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Metal contamination in a riparian wetland: Distribution, fractionation and plant uptake

Wang, Ziquan, Hou, Lei, Liu, Yungen, Wang, Yan, Ma, Lena Q.
Chemosphere 2018 v.200 pp. 587-593
Phragmites australis, Typha orientalis, aquatic plants, arsenic, cadmium, chromium, cobalt, copper, fractionation, heavy metals, lead, mining, nickel, pollution, risk, risk assessment, sediments, wetlands, zinc, China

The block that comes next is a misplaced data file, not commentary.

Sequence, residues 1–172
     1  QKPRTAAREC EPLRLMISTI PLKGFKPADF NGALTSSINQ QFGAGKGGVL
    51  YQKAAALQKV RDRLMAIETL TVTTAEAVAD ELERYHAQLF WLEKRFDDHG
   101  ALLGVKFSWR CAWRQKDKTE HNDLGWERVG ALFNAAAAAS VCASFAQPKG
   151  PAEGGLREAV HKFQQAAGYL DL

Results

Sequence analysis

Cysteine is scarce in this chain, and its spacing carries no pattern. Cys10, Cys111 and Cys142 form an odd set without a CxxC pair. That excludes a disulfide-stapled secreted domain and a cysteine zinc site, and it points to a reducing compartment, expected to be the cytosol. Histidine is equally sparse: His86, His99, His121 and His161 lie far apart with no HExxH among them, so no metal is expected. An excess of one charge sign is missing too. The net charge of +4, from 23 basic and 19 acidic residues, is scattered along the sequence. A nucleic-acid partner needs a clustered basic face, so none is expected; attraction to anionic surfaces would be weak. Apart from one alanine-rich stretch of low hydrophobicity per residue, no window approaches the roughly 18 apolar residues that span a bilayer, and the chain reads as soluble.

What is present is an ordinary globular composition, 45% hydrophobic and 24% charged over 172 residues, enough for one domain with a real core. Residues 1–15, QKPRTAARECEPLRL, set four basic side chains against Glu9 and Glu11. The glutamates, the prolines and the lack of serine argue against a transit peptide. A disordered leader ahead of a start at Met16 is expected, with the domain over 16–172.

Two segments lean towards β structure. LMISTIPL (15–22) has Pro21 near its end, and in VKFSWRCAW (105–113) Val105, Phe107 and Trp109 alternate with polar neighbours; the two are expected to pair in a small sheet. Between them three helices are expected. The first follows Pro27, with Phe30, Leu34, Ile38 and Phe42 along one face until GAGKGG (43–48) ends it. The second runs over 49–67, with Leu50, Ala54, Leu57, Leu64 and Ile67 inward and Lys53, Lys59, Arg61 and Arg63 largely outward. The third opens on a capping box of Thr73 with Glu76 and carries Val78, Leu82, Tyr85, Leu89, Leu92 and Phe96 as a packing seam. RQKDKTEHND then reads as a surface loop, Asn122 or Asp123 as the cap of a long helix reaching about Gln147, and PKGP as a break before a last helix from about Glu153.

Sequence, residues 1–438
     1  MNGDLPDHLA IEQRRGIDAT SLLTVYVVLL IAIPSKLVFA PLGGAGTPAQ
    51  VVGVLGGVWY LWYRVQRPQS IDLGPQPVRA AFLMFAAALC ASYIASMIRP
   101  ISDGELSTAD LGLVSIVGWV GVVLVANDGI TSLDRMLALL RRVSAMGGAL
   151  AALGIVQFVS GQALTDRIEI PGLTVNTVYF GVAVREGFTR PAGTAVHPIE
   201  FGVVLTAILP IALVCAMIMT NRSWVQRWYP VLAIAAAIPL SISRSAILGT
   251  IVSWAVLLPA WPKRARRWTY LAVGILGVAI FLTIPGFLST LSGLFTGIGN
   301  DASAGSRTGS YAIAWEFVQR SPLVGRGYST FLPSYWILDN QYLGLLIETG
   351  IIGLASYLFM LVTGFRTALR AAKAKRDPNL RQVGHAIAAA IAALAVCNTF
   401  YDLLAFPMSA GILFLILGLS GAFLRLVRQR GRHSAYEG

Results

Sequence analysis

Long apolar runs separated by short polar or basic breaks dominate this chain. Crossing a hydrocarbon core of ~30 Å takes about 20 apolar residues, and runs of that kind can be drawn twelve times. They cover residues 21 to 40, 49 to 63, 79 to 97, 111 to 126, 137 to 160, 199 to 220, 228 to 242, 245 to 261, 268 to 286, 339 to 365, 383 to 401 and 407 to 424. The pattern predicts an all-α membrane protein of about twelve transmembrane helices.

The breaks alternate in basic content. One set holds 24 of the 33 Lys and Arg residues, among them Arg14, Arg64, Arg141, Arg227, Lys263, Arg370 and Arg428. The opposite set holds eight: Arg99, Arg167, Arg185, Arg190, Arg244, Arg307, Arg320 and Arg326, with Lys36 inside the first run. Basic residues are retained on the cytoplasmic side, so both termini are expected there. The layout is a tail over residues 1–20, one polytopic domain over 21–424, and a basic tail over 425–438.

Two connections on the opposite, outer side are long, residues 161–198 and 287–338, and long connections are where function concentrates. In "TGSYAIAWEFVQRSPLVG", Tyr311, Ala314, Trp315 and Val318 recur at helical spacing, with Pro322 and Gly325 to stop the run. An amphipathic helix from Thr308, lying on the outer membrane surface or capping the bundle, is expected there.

Heavy metal pollution in aquatic system is of concern due its ecologic risk. In this study, we investigated the distribution, fractionation and plant uptake of heavy metals (As, Cd, Cr, Co, Cu, Ni, Pb and Zn) in a riparian wetland impacted by mining activities in Yunnan, southwest China. The results showed that excluding Cr, metal contents in sediment were higher than the background values, especially for As, which was 100-fold higher. While Cd showed high levels in the acid-soluble fraction with high availability, As, Cr, Cu, Ni and Pb mainly existed in the residual fraction with low availability. Two native aquatic plants including Phragmites australis (common reed) and Typha orientalis (bullrush) showed different uptake ability. T. orientalis accumulated more As, while P. australis accumulated more other metals. Based on geoaccumulation index (Igeo), As, Cd and Zn were more contaminated (Igeo> 3), followed by Cu, Pb and Co (Igeo<3), with Cr and Ni being slightly polluted (Igeo<1). According to risk assessment code, Cd showed high availability, followed by Zn and Co, with As exhibiting the lowest. The data suggested that both total and bioavailable metals should be considered for risk assessment of metal pollution in a wetland.